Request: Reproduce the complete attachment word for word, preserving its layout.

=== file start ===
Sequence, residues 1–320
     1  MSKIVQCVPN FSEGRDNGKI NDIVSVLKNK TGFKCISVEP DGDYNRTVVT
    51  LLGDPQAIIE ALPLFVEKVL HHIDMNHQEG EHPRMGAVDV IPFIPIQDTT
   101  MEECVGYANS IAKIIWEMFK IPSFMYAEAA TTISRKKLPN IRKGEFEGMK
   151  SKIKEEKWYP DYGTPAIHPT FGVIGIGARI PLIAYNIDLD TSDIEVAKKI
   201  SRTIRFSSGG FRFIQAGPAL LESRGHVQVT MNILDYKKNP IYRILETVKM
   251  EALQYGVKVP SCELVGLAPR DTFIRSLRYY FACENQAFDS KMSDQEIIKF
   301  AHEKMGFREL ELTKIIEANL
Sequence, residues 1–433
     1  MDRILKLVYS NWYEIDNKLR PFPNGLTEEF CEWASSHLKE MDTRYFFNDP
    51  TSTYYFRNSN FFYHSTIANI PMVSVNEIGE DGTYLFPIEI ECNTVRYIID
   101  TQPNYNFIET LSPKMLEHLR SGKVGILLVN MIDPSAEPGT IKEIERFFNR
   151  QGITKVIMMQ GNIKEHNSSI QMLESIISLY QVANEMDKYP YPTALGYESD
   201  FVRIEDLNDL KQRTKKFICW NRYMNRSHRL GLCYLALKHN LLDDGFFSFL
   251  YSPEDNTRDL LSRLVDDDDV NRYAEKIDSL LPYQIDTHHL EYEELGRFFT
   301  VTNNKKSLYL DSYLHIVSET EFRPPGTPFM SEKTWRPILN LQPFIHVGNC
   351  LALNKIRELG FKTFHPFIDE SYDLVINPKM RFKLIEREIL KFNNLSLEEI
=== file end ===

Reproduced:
Sequence, residues 1–320
     1  MSKIVQCVPN FSEGRDNGKI NDIVSVLKNK TGFKCISVEP DGDYNRTVVT
    51  LLGDPQAIIE ALPLFVEKVL HHIDMNHQEG EHPRMGAVDV IPFIPIQDTT
   101  MEECVGYANS IAKIIWEMFK IPSFMYAEAA TTISRKKLPN IRKGEFEGMK
   151  SKIKEEKWYP DYGTPAIHPT FGVIGIGARI PLIAYNIDLD TSDIEVAKKI
   201  SRTIRFSSGG FRFIQAGPAL LESRGHVQVT MNILDYKKNP IYRILETVKM
   251  EALQYGVKVP SCELVGLAPR DTFIRSLRYY FACENQAFDS KMSDQEIIKF
   301  AHEKMGFREL ELTKIIEANL
Sequence, residues 1–433
     1  MDRILKLVYS NWYEIDNKLR PFPNGLTEEF CEWASSHLKE MDTRYFFNDP
    51  TSTYYFRNSN FFYHSTIANI PMVSVNEIGE DGTYLFPIEI ECNTVRYIID
   101  TQPNYNFIET LSPKMLEHLR SGKVGILLVN MIDPSAEPGT IKEIERFFNR
   151  QGITKVIMMQ GNIKEHNSSI QMLESIISLY QVANEMDKYP YPTALGYESD
   201  FVRIEDLNDL KQRTKKFICW NRYMNRSHRL GLCYLALKHN LLDDGFFSFL
   251  YSPEDNTRDL LSRLVDDDDV NRYAEKIDSL LPYQIDTHHL EYEELGRFFT
   301  VTNNKKSLYL DSYLHIVSET EFRPPGTPFM SEKTWRPILN LQPFIHVGNC
   351  LALNKIRELG FKTFHPFIDE SYDLVINPKM RFKLIEREIL KFNNLSLEEI